The Programs Demise

The program reached its peak in 1970 when twenty-four state facilities with 4,100 beds and a staff of over 5,000 provided services to 6,600 addicts. Followup studies of the program at this time were few, but they tended to indicate some positive outcomes (Winick, 1988). After 1970, the program began to lose public support and became a regular political target because of charges of cost overruns, allegations of staff brutality, and questionable administrative procedures (Winick, 1988). There was also a general change in philosophy that drew politicians away from supporting state-run institutions and toward recommending community-based treatment. In addition, political leaders began to move away from rehabilitation and toward harsh criminal sanctions for persons possessing or selling narcotics.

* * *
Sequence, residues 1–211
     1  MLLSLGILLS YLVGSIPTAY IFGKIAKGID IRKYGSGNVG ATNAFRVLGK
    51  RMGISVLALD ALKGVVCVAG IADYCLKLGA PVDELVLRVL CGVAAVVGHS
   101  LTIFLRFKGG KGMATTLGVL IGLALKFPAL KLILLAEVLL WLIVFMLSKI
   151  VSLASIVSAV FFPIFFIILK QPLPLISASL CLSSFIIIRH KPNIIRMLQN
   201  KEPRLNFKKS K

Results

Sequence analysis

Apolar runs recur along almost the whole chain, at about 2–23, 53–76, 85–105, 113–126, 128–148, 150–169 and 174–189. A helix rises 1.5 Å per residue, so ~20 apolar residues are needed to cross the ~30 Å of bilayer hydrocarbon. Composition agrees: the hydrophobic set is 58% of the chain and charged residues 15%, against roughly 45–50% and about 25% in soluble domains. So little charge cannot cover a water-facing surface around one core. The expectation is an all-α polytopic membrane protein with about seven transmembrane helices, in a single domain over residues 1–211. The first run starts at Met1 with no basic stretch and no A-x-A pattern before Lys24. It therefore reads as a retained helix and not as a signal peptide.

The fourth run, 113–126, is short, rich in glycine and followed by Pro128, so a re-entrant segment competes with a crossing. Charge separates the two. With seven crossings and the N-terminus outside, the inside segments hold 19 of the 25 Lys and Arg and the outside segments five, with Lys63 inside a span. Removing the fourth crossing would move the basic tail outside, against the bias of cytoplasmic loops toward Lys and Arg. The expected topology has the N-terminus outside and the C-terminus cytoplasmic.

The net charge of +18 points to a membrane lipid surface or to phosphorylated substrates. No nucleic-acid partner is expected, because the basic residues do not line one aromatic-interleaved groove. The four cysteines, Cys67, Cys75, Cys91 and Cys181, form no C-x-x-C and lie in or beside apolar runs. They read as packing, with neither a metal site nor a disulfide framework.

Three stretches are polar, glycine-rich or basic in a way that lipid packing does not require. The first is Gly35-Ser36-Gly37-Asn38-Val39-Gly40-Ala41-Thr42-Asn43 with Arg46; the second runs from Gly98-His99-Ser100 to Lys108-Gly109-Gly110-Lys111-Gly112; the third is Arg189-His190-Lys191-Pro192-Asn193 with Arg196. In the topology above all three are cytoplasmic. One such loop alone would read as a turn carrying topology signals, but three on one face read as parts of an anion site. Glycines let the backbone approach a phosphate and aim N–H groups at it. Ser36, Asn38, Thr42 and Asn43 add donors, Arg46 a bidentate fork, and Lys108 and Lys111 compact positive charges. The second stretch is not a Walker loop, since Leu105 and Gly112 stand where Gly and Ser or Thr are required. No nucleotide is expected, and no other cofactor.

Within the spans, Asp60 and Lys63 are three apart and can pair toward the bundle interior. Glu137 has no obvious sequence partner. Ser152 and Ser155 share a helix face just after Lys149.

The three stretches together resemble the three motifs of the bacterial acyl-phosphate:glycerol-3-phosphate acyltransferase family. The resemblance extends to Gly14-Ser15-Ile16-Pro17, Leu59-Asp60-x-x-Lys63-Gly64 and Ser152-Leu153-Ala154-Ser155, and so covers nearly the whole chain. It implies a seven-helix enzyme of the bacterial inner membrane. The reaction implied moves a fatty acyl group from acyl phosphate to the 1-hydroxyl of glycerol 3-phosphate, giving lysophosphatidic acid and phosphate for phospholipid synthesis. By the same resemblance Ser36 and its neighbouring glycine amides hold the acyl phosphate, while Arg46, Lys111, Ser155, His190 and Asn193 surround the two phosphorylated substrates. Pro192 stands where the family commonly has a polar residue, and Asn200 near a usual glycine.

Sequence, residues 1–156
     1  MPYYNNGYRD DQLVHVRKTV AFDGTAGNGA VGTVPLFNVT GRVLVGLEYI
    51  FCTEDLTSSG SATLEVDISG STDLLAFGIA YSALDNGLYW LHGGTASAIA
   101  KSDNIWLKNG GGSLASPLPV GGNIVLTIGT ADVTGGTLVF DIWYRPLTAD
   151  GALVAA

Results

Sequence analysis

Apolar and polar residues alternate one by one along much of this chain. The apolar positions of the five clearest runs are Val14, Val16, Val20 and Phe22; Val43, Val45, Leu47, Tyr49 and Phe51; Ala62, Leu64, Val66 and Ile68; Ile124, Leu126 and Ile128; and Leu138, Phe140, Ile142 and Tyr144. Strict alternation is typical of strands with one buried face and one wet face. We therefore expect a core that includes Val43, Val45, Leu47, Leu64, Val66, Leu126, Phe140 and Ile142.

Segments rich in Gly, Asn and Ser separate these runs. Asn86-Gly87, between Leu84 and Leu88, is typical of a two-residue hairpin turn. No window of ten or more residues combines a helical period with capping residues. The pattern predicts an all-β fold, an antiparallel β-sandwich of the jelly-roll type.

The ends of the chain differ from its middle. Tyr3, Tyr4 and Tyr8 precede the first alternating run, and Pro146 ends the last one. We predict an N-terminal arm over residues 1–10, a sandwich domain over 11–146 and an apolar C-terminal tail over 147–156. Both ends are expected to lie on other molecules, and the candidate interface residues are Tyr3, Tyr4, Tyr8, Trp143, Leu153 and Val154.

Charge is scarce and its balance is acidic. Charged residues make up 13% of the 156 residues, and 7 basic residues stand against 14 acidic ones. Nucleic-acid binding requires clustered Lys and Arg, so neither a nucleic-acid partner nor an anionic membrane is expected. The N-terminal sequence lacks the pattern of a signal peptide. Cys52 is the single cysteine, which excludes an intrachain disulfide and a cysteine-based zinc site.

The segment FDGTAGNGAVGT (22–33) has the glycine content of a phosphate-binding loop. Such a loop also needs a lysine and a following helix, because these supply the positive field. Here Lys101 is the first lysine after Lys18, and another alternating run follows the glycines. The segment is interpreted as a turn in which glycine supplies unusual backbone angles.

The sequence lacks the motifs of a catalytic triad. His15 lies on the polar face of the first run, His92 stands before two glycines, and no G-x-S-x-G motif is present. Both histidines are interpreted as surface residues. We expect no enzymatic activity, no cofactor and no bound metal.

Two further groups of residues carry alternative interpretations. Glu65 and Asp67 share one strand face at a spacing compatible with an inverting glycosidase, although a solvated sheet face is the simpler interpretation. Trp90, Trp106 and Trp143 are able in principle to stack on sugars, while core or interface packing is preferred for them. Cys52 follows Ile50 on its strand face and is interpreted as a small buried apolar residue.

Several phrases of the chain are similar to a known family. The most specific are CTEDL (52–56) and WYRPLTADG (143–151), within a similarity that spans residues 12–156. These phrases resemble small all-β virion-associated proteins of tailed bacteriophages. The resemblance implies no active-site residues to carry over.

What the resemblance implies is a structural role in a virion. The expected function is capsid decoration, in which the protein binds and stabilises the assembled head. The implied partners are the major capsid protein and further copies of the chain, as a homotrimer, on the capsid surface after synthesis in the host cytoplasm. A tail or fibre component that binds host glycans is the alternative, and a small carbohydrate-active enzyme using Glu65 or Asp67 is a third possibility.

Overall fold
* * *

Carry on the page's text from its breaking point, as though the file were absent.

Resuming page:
Governor Rockefeller announced in 1971 that he had lost confidence in the New York program and initiated a two-thirds cutback in budget and clients. The number of occupied beds steadily diminished because of these cuts and by 1979 the last two centers shut down(Winick, 1988). From 1966 to 1979, the program had cost approximately $1 billion. By the time the program was closed, each resident was costing an average of $29,000 per year, as compared with $8,500 for a resident in a Therapeutic Community and $14,500 for a prison inmate (Winick, 1988). In 1980, the state legislature repealed the civil commitment law.

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